Among adults with chronic pain, opioid use was associated with more difficulty falling asleep; however, this effect was only significant among those reporting lower pain intensity. This according to a recent study where researchers aimed to determine if pain intensity moderates the association between opioid use and insomnia symptoms among adults with comorbid symptoms of insomnia and chronic widespread pain. Among the details:
- 144 participants (mean age 51.6 years, 95% female) completed assessments of insomnia symptoms, pain, and use of sleep/pain medication.
- Stronger pain intensity was associated with longer wake after sleep onset (WASO) and worse sleep quality, independent of opioid use.
- Opioid use and pain intensity interacted in the prediction of sleep onset latency.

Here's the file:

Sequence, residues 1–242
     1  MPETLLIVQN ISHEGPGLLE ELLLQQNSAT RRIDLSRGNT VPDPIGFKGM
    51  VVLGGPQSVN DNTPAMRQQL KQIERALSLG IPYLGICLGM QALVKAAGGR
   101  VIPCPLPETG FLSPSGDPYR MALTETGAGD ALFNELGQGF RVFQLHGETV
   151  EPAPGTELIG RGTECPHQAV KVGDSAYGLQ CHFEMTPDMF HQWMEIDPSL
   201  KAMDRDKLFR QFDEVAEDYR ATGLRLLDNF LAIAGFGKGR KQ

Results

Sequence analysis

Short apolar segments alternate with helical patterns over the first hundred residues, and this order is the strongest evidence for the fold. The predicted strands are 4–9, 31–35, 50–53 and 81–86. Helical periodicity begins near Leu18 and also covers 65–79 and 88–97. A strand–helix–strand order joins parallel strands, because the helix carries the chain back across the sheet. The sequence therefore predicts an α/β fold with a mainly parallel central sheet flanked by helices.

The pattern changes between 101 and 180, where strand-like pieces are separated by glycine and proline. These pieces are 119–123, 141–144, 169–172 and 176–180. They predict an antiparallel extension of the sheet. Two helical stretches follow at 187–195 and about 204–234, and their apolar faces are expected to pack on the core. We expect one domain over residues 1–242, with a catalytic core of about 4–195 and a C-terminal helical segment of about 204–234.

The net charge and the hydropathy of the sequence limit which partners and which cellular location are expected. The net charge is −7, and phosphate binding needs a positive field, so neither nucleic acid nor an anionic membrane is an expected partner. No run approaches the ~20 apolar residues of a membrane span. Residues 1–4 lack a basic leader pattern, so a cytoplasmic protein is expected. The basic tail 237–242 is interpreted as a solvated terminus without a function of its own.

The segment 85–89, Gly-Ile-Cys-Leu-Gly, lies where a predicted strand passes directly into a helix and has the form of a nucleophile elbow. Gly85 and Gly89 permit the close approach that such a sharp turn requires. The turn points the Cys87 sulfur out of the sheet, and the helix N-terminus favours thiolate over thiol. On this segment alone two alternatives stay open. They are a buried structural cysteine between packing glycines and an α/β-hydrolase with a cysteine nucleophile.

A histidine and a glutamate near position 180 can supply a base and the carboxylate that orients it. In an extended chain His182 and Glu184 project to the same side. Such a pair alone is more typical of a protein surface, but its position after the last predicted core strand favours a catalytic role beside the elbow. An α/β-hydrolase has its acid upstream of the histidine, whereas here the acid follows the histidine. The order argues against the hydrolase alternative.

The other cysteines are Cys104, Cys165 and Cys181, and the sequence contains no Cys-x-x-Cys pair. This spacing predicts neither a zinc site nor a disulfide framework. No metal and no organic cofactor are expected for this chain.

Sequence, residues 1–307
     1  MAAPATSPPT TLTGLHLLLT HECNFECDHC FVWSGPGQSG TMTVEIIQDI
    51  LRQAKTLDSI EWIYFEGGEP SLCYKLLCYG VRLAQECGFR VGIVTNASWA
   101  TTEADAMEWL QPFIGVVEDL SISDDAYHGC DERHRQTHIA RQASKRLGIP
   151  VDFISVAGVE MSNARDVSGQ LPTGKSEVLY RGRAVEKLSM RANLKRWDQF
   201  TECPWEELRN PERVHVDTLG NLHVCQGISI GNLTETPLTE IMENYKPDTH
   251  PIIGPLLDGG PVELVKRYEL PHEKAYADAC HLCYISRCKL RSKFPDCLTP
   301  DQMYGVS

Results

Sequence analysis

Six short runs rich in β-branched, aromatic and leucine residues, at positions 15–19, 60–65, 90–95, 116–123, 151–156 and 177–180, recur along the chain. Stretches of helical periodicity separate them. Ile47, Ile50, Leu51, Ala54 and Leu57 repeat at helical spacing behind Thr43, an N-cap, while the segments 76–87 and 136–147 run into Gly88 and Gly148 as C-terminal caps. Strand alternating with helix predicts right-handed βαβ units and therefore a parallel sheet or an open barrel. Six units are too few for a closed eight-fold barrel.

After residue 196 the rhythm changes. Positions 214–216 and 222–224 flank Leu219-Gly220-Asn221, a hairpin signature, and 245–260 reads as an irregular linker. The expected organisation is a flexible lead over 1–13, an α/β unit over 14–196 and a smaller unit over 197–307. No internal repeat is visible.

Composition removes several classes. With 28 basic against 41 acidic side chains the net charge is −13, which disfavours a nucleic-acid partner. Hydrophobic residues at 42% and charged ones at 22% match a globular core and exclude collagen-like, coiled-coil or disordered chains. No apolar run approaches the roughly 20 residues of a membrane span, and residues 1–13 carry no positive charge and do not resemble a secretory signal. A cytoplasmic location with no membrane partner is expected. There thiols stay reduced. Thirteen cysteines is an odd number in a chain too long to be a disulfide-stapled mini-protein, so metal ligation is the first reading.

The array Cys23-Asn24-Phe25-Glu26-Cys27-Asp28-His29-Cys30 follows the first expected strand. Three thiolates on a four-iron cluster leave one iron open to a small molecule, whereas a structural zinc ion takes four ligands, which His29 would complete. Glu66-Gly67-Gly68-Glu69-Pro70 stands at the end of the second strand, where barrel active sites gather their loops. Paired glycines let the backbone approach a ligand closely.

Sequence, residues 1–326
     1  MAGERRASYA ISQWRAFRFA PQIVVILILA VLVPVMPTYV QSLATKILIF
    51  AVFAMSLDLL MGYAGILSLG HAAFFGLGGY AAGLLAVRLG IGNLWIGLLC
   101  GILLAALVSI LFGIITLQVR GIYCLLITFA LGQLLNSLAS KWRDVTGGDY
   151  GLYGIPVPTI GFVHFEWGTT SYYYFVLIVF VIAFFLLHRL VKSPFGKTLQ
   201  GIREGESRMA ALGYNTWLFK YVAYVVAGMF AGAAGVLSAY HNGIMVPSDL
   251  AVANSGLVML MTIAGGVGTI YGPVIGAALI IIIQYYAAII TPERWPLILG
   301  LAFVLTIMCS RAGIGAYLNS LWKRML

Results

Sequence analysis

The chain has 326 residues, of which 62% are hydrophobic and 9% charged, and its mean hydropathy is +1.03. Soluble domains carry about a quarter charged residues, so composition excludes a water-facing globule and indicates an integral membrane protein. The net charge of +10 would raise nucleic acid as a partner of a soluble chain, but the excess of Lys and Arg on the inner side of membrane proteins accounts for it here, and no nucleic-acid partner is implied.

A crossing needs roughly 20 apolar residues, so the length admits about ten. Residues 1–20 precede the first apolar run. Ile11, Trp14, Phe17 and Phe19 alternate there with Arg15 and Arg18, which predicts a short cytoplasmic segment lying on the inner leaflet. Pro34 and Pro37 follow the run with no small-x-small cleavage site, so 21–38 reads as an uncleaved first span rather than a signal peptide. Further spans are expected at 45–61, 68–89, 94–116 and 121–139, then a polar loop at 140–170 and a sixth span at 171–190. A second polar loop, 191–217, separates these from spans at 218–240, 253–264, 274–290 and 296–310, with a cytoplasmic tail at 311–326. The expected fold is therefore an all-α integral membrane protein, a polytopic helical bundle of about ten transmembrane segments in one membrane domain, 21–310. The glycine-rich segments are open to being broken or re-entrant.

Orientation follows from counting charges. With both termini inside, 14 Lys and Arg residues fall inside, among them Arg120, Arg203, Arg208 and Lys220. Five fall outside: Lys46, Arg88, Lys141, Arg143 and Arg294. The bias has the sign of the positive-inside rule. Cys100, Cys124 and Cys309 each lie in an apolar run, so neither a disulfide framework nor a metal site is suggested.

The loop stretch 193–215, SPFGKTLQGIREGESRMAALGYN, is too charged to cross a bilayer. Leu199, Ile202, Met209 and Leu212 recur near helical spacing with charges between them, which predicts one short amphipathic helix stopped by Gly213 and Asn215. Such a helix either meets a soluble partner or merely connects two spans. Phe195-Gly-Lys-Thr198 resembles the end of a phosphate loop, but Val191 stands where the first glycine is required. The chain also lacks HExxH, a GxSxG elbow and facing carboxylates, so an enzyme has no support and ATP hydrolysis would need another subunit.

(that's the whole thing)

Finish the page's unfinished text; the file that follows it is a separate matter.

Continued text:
- This association was only significant in the context of less severe pain.
Miller MB, Chan WS, Curtis AF, et al. Pain intensity as a moderator of the association between opioid use and insomnia symptoms among adults with chronic pain. [Published online ahead of print September 5, 2018]. Sleep Med. doi:10.1016/j.sleep.2018.08.015.
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Sleep Disturbance and Chronic Pain Intensity, Clin J Pain; ePub 2019 Mar 25; Burgess, et al
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